The whole evidence in the case shows, that the only intention of the parties was that which is expressed fully and fairly in the deed. He had a right to indemnify Hooe at the time of giving the bond, and it can make no difference whether he executed the deed at that time or afterwards; the consideration was equally good at one time as at the other. It could be no fraud in Hooe to wait for security as long as he thought himself safe; and it could be no fraud in Fitzgerald to give a security, which he was bound in honour and conscience to give, whenever it should be demanded.

47

Mason, in answer to a question from the Chief Justice, whether there was any act of Congress which subjected the lands of the debtors of the United States to a specific lien, said, he knew of none, unless it was the act of 11th July, 1798, c. 88, ? 15, vol. 4, p.197. But in the present case, Fitzgerald, by his will, charged his lands with the payment of his debts; and if he had not, they would have been liable to an elegit.

48

Chief Justice. I have considered the act of 1798; it only creates a lien when a suit is commenced.

Monday, February 25.

49

MARSHALL, Ch. J.

50

I am directed by the court to inform the counsel in this case, that they do not wish to hear any argument from the counsel of the defendants in error, upon the general question of fraud, being satisfied on that point.

51

The court also wishes to draw the attention of the counsel to the question, whether there is any evidence of Fitzgerald’s insolvency in the record.

52

Mason, for the United States.

53

The deed in this case is contingent; the power to the trustees to sell is contingent. They can only sell to indemnify Hooe. Until he is damnified they have no power to sell. The rents, issues, and profits, are to be taken by Fitzgerald only; and the legal estate being in the trustees, the property is protected from the elegit of the creditors. Suppose the property conveyed to be double the value of Hooe’s claim, the residue would be protected from creditors, and would still be a fund from which Fitzgerald might draw supplies to himself.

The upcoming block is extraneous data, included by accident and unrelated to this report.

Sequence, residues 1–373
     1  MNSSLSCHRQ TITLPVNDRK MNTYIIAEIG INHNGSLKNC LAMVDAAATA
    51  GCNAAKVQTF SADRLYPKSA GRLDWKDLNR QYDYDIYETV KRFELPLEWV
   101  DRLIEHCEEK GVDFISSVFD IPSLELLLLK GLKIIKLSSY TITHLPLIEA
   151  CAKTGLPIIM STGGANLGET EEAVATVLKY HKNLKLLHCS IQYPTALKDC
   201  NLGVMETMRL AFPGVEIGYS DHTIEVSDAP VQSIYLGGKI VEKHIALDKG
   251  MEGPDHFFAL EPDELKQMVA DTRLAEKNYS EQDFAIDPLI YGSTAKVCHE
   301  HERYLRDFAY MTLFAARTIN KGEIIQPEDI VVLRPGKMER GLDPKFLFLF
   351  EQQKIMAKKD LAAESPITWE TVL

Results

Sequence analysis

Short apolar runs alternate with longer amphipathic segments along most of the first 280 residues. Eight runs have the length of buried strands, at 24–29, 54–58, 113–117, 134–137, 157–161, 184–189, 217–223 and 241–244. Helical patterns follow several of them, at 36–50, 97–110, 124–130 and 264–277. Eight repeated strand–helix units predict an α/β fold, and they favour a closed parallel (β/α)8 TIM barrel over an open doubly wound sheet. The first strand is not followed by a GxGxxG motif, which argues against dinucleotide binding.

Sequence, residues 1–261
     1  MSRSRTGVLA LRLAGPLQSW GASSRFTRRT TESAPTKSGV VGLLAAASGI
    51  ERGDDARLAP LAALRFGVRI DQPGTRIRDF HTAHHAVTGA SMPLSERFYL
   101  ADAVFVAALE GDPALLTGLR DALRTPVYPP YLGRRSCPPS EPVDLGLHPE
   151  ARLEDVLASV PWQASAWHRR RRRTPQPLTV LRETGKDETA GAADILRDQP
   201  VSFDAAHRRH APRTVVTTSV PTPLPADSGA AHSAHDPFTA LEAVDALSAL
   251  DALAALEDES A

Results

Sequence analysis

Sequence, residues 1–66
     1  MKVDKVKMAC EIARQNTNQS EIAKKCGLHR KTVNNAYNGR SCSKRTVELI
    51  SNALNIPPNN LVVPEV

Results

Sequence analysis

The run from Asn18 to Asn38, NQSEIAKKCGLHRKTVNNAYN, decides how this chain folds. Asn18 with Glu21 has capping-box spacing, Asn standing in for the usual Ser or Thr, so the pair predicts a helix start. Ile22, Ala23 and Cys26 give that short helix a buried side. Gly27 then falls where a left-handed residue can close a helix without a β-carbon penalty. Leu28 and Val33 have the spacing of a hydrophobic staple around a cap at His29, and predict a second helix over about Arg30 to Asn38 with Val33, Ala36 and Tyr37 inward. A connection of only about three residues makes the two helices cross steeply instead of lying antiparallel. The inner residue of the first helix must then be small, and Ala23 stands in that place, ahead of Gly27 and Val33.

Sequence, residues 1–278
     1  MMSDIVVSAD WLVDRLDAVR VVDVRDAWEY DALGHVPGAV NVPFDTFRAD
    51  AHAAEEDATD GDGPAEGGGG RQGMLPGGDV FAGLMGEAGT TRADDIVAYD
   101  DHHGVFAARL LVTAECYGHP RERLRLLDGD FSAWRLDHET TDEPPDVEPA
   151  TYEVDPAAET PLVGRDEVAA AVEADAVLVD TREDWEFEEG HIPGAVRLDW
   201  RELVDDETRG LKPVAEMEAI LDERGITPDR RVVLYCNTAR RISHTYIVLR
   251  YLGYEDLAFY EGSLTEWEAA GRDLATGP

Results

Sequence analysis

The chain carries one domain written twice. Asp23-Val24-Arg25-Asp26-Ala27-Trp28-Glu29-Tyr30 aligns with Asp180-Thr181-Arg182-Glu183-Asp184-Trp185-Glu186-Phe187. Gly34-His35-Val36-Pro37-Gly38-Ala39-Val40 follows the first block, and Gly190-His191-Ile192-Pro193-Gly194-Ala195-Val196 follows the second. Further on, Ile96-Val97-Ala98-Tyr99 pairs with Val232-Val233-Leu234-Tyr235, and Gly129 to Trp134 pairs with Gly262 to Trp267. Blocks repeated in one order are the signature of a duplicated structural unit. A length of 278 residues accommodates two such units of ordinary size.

54

But the insolvency, mentioned in the act of congress, means an inability to pay his debts, in contradistinction to an insolvency under a bankrupt law, or an insolvent act.

55

A voluntary deed, in the act, means a deed by a person unable to pay all his debts, made without coercion of law, to give a preference to some of his creditors. It is not necessary that it should be a conveyance of all his effects. Suppose he should make three separate deeds; one to one of his creditors for one third of his estate; a second to another creditor for another third of his estate, and a third deed to a third creditor for the residue. The two first deeds would not be less fraudulent than the third, because they conveyed only a part of the estate.

56

The decree of the court below is erroneous, because the answers and evidence specified the estate and effects of Fitzgerald, and the court ought to have ascertained the value, and from thence inferred his insolvency. An insolvency so ascertained, would have been such an insolvency as would have given the United States a preference.

57

As to the question, whether the insolvency appears upon the record?the bill charges the fact, and none of the answers or depositions denies it. A comparison of the balance due, with the effects and estate disclosed in the answers, affords the strongest corroboration; and even Hooe, in his answer, does not deny a knowledge of it. But whether he knew it or not, it is sufficient if we establish the existence of the fact; for in all cases ‘where any revenue officer,’ ‘indebted to the United States,’ ‘shall become insolvent,’ ‘the debt due to the United States shall be first paid.’

58

C. Lee and Swann, contra.

59

The insolvency contemplated by congress, means a legal insolvency, not a mere incapacity to pay, unattested by some notorious act of failure, such as a voluntary assignment of all the effects for the benefit of creditors, or the closing of doors to prevent process being served, &c.

60

The cases provided for by the act, are,

61

1. If the debtor ‘shall become insolvent.’

62

2. Where the estate of a deceased debtor ‘shall be insufficient to pay all the debts.’

63

3. Where ‘a debtor not having sufficient property to pay all his debts, shall make a voluntary assignment thereof.’

64

4. Where ‘the estate and effects of an absconding, concealed, or absent debtor, shall be attached.’

65

The 1st case is that of legal and public insolvency, where the estate and effects are assigned by law. If it meant every case where a man was actually incapable of paying all his debts, it would frequently look back and undo all the negotiations of an extensive trade for many years; for it often happens that a merchant continues in business and credit long after his capacity to pay all his debts has ceased. Besides, it would have been unnecessary for the legislature to add expressly the case of a voluntary assignment, where there was an inability to pay all the debts, if such inability alone was within the meaning of the words ‘shall become insolvent.’

66

2. The case of a deceased debtor, whose estate shall be insufficient to pay all the debts, would also have been included in the term insolvent, if it is to have so large and loose a construction as is contended for by the counsel for the United States.